Advertisement

Reassessing Urban Health Interventions: Back to the Future with Google Street View Time Machine

Published:September 14, 2018DOI:https://doi.org/10.1016/j.amepre.2018.04.047

      Introduction

      Validity of research linking built environments to health relies on the availability and reliability of data used to measure exposures. As cities transform, it is important to track when and where urban changes occur, to provide detailed information for urban health intervention research. This paper presents an online observation method of the implementation of traffic-calming features using Google Street View Time Machine. The method is used to validate an existing administrative database detailing the implementation of curb extensions and speed bumps.

      Methods

      Online observation of curb extensions and speed bumps was conducted for four boroughs in Montreal, Canada, in autumn 2016, and compared with administrative data documenting traffic-calming measures implemented between 2008 and 2014. All images available through the Time Machine function between 2007 and 2016 for 708 intervention sites were visualized online. Records in the administrative database were compared to real-world Google Street View observations and tested in terms of sensitivity, specificity, and positive predicted value.

      Results

      Google Street View Time Machine allowed the visualization of a median of seven different dates per street intersection and six dates per street segment. This made it possible to analyze built environment changes within 3,973 distinct time periods at 708 locations. Validation of the administrative data regarding presence of an intervention showed 99% (95% CI=97%, 99%) sensitivity, 58% (95% CI=51%, 64%) specificity, and 77% (95% CI=73%, 81%) positive predictive value.

      Conclusions

      Google Street View Time Machine allowed past (2007–2016) online documentation of microscale urban interventions—curb extensions and speed bumps. The proposed method offers a new way to document historic changes to the built environment, which will be useful for urban health intervention research.
      To read this article in full you will need to make a payment

      Purchase one-time access:

      Academic & Personal: 24 hour online accessCorporate R&D Professionals: 24 hour online access
      One-time access price info
      • For academic or personal research use, select 'Academic and Personal'
      • For corporate R&D use, select 'Corporate R&D Professionals'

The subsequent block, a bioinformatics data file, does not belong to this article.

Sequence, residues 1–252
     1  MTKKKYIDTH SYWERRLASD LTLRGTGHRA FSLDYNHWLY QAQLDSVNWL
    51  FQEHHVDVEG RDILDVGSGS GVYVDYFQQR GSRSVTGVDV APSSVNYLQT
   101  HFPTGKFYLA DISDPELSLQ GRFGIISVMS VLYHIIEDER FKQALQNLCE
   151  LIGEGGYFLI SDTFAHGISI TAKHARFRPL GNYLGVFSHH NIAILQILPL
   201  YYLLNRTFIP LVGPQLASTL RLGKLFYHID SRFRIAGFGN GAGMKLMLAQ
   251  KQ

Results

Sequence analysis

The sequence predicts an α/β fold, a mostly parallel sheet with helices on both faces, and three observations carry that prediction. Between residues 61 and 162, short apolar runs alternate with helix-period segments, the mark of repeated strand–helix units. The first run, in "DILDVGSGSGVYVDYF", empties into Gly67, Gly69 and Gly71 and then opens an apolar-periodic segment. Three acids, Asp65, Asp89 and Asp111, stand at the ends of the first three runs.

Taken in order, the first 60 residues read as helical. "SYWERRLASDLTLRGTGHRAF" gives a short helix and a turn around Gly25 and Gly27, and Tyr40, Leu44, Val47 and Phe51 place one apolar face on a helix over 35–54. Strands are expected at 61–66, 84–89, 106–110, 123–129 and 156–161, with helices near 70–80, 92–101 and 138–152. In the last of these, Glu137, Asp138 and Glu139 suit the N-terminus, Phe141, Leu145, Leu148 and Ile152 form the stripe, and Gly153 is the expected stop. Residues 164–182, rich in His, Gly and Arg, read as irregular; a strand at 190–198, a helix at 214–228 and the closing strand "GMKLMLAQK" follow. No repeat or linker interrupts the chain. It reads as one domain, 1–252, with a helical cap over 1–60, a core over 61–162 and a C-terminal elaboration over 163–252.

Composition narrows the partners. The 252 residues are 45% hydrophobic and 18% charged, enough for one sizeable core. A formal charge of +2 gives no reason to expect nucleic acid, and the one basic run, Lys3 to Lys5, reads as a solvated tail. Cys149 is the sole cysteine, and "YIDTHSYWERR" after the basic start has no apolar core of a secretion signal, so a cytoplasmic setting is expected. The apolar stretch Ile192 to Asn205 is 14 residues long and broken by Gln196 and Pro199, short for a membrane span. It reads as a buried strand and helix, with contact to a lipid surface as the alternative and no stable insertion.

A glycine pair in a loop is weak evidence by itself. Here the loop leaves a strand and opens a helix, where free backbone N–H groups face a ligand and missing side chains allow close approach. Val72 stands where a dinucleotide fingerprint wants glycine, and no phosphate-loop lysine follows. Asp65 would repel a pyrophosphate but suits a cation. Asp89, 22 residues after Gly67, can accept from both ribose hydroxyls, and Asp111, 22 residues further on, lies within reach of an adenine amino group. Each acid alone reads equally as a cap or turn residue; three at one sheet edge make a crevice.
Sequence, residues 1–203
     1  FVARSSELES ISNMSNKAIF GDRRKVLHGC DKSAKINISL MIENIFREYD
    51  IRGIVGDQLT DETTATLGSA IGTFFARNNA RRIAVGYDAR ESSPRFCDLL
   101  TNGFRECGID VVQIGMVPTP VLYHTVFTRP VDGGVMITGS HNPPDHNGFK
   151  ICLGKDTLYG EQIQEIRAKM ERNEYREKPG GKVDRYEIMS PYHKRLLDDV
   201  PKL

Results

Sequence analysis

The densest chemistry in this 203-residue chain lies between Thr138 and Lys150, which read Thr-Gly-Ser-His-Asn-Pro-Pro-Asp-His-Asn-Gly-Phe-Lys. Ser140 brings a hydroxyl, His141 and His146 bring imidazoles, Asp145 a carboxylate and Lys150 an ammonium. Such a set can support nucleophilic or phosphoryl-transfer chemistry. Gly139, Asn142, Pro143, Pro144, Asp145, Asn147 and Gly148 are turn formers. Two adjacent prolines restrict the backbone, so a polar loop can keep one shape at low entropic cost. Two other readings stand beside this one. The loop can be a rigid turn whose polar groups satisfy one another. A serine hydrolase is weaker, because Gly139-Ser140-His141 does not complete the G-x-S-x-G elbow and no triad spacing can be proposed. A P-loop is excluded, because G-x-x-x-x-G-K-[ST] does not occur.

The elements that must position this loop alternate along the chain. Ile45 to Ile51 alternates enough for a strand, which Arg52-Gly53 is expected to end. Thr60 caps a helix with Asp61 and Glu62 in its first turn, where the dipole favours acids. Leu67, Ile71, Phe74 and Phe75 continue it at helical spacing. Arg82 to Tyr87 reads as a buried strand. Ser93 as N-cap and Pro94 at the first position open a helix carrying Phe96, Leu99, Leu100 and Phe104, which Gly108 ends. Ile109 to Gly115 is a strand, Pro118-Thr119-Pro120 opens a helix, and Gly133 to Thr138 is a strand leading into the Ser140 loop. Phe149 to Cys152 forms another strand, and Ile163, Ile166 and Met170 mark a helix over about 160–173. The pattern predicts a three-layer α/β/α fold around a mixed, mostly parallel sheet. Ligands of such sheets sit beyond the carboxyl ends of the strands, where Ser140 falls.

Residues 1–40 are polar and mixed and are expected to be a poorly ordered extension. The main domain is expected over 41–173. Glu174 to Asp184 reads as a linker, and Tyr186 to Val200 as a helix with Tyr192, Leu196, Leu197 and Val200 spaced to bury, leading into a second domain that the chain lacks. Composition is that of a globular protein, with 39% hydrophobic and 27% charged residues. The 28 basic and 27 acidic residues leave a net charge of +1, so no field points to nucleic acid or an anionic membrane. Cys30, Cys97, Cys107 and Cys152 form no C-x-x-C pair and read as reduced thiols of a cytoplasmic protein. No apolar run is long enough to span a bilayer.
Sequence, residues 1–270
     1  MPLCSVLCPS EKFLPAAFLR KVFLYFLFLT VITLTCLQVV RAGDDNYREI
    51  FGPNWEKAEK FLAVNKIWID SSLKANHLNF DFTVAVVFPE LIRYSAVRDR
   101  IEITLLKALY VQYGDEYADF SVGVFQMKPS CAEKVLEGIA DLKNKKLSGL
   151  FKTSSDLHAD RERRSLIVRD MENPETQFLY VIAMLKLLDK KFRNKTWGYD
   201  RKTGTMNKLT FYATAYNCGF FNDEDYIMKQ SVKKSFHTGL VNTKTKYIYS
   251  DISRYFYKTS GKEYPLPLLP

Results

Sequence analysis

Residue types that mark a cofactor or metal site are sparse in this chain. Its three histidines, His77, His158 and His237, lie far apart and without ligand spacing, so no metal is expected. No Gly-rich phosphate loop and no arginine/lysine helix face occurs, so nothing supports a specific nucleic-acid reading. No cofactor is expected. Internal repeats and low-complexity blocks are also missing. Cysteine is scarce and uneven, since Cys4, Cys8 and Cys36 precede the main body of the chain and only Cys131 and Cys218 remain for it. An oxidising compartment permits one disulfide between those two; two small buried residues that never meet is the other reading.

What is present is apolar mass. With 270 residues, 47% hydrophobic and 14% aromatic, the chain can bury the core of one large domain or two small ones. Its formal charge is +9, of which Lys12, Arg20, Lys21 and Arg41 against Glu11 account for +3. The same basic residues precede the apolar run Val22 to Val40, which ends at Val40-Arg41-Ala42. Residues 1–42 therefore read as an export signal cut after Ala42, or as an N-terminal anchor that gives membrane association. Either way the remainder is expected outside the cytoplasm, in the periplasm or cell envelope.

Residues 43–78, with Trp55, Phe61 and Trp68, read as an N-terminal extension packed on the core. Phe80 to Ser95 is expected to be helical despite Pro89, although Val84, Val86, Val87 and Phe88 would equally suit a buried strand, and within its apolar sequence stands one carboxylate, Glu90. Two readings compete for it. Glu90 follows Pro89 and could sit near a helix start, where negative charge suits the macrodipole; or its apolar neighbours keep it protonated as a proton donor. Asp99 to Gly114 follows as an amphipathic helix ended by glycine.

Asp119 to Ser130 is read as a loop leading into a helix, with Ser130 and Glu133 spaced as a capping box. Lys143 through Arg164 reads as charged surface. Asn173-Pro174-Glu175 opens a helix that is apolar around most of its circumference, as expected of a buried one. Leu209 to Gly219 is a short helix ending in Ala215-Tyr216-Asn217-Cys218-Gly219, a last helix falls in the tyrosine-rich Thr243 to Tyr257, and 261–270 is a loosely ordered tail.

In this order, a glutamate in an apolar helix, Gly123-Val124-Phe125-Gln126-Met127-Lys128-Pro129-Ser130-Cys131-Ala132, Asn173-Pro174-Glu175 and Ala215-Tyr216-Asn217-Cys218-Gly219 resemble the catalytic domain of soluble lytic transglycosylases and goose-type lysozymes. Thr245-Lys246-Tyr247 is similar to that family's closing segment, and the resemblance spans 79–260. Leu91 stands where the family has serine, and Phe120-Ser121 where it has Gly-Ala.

Subscribe:

      Subscribe to American Journal of Preventive Medicine
      Already a print subscriber? Claim online access
      Already an online subscriber? Sign in
      Institutional Access: Sign in to ScienceDirect

      REFERENCES

        • Bowler DE
        • Buyung-Ali LM
        • Knight TM
        • Pullin AS
        A systematic review of evidence for the added benefits to health of exposure to natural environments.
        BMC Public Health. 2010; 10: 456.
        • Renalds A
        • Smith TH
        • Hale PJ
        A systematic review of built environment and health.
        Fam Med Community Health. 2010; 33: 68-78
        • Schulz M
        • Romppel M
        • Grande G
        Built environment and health: a systematic review of the state of research in Germany.
        Gesundheitswesen. 2016; 78: A43
        • Brownson RC
        • Hoehner CM
        • Day K
        • Forsyth A
        • Sallis JF
        Measuring the built environment for physical activity: state of the science.
        Am J Prev Med. 2009; 36: S99-S123
        • Sampson RJ
        • Raudenbush SW
        Systematic social observation of public spaces: a new look at disorder in urban neighborhoods.
        AJS. 1999; 105: 603-651
        • Koepsell T
        • McCloskey L
        • Wolf M
        • et al.
        Crosswalk markings and the risk of pedestrian–motor vehicle collisions in older pedestrians.
        JAMA. 2002; 288: 2136-2143
        • Clifton KJ
        • Smith ADL
        • Rodriguez D
        The development and testing of an audit for the pedestrian environment.
        Landsc Urban Plan. 2007; 80: 95-110
        • Ben-Joseph E
        • Lee JS
        • Cromley EK
        • Laden F
        • Troped PJ
        Virtual and actual: relative accuracy of on-site and web-based instruments in auditing the environment for physical activity.
        Health Place. 2013; 19: 138-150
        • Gullón P
        • Badland HM
        • Alfayate S
        • et al.
        Assessing walking and cycling environments in the streets of Madrid: comparing on-field and virtual audits.
        J Urban Health. 2015; 92: 923-939
        • Badland HM
        • Opit S
        • Witten K
        • Kearns RA